Heading south from the seaport town of Nafpilon, Magellan ride down the east coast of the Peloponnese peninsula following the epic Aegean coast road for 50 miles. On a fantastic riding day all round we then climb into the mountains passing the ancient site of Sparta to tackle the Langadha mountain pass 5,000 ft above sea level. 

Located in the Taÿgetos Mountains, in the Peloponnese region of Greece, the Langadha pass  is one of the most scenic routes in the region, if not the entire country. Linking Sparta and Kalamata, Route 82 steadily climbs and dips with views of the changing landscape and seascape below readily available around every corner. The most epic section begins 20km west of Sparta where the road suddenly looks like spaghetti as it clings to the cliff face around the Langada Gorge. Overhanging cliffs, gorges, coastal scenery and amazing road contours make this drive one of the most breathtaking in Greece. 

Mount Olympus

The highest mountain in Greece and the mythological home of the Greek Gods – Mount Olympus dominates the skyline with its 52 peaks, some of which soar to the dizzy heights of 9,570 ft. The mountains are littered with deep gorges where legend has it the Gods lived in their own luxurious palaces with magnificent marble pillars and gold furnishings. In ancient Greece it was believed that the universe was ruled by 12 Greek Gods and Goddesses called the Olympians, the most important God being Zeus, who is said to have lived in the biggest palace on Mount Olympus after overthrowing his father. The palace allowed panoramic views of the world, granting the Gods vision to see events unfolding on Earth.  According to ancient stories the mountain was created after the epic battle between the young Gods, the Olympians and the older Gods, as the victors of this war, the Olympians created their home on the mountain shrouded from human eyes, by the clouds which obscured its peaks.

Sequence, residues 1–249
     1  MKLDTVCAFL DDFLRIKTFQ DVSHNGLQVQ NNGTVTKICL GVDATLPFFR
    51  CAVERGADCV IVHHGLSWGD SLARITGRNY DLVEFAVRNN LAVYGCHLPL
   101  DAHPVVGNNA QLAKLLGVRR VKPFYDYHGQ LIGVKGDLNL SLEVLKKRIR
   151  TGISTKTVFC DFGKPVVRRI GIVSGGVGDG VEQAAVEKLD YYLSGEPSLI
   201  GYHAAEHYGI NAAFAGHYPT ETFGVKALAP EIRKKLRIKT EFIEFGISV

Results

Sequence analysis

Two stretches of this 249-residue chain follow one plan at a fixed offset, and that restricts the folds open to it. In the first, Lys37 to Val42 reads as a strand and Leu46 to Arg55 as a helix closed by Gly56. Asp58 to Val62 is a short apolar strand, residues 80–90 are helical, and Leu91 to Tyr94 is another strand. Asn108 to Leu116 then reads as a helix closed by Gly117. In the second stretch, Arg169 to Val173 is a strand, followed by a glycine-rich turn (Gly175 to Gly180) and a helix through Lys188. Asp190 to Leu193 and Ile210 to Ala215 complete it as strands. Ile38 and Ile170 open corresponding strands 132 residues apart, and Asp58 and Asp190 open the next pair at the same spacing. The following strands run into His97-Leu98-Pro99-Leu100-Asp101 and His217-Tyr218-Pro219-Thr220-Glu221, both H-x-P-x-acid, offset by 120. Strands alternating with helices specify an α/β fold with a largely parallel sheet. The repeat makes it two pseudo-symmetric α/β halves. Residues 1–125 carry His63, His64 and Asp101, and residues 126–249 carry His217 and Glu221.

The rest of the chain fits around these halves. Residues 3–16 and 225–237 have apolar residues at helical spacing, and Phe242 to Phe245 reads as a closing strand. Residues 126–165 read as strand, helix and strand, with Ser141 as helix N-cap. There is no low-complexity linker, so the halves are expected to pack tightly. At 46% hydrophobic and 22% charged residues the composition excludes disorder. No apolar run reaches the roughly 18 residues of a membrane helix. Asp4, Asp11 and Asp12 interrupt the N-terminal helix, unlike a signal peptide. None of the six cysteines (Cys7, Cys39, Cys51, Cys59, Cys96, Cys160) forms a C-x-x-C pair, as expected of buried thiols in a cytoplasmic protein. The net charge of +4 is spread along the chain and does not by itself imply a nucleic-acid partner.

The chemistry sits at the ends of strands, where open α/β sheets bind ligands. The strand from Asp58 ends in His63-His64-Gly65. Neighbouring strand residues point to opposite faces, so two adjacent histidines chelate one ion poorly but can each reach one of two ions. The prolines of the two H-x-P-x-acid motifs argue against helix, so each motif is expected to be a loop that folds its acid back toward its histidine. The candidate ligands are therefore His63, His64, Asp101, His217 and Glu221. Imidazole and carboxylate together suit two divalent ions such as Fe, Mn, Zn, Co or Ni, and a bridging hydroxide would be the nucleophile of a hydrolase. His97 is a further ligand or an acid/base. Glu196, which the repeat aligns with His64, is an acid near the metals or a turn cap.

All 12 Olympian Gods resided at Mount Olympus: Zeus – God of sky and thunder and his wife Hera – Goddess of marriage, women and family, alongside Athena, Poseidon, Artemis, Apollo, Demeter, Hester, Aphrodite, Hermes, Hephaestus and Ares. They ruled Olympus until the 100 headed fire breathing dragon Typhon attacked, where all but three Gods fled. Eventually Zeus defeated the monster and banished him to Tartarus. 

We ride around the mighty Mount Olympus on the afternoon of day 8, though you will start to see it in the morning due to the sheer vastness of it – the mountain has a circumference of 150 kilometres (93 mi), an average diameter of 26 kilometres (16 mi), and covers an area of over 500 square kilometres (190 sq mi). The ancient legends of Zeus hurling lightning bolts from the summit is understandable, as the central peak is often wrapped in violent thunder-storms during the spring and on summer evenings. The pass that winds it way around the mountain is simply stunning with twisty roads and epic scenery. On last year’s tour it was unanimously voted as the best riding day across the whole trip.